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Why global oil demand has surged

Last updated on: April 28, 2011 11:35 IST

Why global oil demand has surged

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Lalit K Jha in Washington

The quick growth of emerging economies is leading to a surge in global oil demand and that of other commodities too, a top US official said on Wednesday without mentioning countries like India, China and Brazil.

At his first-ever press conference, US Federal Reserve Board chairman Ben Bernanke attributed the recent developments in the Middle East to the significant increase in gas prices in the United States, but also to the increasing demand for oil from emerging markets.

The Fed's interpretation of the increase in gas prices is the economist's basic mantra of supply and demand, he said.

"On the one hand, we have a rapidly growing global economy. Emerging market economies are growing very quickly. And their demand for commodities, including oil, is very, very strong," he said.

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Indeed, essentially all of the increase in the demand for oil in the last couple of years, in the last decade, has come from emerging market economies, Bernanke noted.

"In the United States, our demand for oil, our imports have actually been going down over time. So the demand is coming from a growing economy, where we've seen about a 25 per cent increase in emerging market output... since before the crisis," he said.

"And on the supply side, as everybody knows who watches television, we're seeing disruptions in the Middle East, North Africa, in Libya and in other places that have constrained supply; that supply has not been made up; and that, in turn, has driven gas prices up quite significantly," Bernanke said.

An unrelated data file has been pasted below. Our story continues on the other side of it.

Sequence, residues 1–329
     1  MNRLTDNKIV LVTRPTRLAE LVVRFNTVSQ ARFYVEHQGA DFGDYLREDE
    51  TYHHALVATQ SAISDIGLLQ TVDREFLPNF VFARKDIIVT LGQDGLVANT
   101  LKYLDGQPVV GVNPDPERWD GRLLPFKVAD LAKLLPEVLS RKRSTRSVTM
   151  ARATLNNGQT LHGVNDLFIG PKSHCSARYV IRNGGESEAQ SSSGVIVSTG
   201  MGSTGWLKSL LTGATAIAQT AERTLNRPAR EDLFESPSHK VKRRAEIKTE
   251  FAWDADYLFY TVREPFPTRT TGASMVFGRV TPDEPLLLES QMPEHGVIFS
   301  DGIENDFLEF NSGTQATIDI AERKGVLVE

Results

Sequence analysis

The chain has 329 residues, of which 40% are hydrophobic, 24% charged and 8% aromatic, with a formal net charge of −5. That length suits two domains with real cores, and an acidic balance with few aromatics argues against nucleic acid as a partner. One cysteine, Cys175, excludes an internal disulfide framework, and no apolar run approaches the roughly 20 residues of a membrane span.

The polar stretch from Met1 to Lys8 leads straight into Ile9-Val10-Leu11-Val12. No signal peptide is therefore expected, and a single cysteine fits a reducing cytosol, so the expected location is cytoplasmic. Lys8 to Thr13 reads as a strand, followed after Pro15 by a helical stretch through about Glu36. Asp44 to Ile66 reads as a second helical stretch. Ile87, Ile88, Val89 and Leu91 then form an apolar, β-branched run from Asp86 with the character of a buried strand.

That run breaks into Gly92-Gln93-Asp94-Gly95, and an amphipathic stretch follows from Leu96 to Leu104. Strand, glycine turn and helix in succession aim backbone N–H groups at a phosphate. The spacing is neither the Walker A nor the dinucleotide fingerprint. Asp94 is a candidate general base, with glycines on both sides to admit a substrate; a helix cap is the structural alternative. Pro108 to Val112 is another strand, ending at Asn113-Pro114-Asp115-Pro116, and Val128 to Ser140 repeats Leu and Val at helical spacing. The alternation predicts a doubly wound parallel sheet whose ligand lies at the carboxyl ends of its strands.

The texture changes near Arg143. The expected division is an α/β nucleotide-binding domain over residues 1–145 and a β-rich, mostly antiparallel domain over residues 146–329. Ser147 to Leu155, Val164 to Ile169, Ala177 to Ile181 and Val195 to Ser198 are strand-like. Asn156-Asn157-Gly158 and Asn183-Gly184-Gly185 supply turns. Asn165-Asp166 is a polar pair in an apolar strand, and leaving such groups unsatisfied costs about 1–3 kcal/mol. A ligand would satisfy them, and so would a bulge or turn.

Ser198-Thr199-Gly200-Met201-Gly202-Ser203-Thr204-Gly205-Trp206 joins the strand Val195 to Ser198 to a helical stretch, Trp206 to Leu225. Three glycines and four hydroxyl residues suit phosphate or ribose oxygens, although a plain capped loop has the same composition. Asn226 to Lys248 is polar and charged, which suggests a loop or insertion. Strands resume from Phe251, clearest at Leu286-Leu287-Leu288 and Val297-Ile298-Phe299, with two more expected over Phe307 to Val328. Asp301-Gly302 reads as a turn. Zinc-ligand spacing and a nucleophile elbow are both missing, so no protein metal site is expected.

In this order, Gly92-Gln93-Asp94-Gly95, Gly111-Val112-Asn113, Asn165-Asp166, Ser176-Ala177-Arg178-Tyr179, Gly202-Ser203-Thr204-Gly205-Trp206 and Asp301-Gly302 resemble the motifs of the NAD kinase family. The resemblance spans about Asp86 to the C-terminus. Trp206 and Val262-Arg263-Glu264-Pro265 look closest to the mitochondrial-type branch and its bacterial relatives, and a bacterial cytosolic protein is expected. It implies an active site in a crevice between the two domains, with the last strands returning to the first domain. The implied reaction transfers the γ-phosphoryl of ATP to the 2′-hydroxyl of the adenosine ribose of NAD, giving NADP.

"So again, this is a very adverse development. It accounts, in the short run, for the increase in pretty much almost all of the increase in our inflation forecast, at least in the very near term.

There's not much that the Federal Reserve can do about gas prices per se, at least not without derailing growth entirely, which is certainly not the right way to go," the Fed chairman said.

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"After all, the Fed can't create more oil. We don't control the growth rates of emerging market economies.

What we can do is basically try to keep higher gas prices from passing into other prices and wages throughout the economy and creating a broader inflation, which would be much more difficult to extinguish," Bernanke said.

"Our view is that gas prices will not continue to rise at the recent pace and as they stabilise or even come down, if the situation stabilises in the Middle East that will provide some relief on the inflation front. But we'll have to watch it very carefully," he said.



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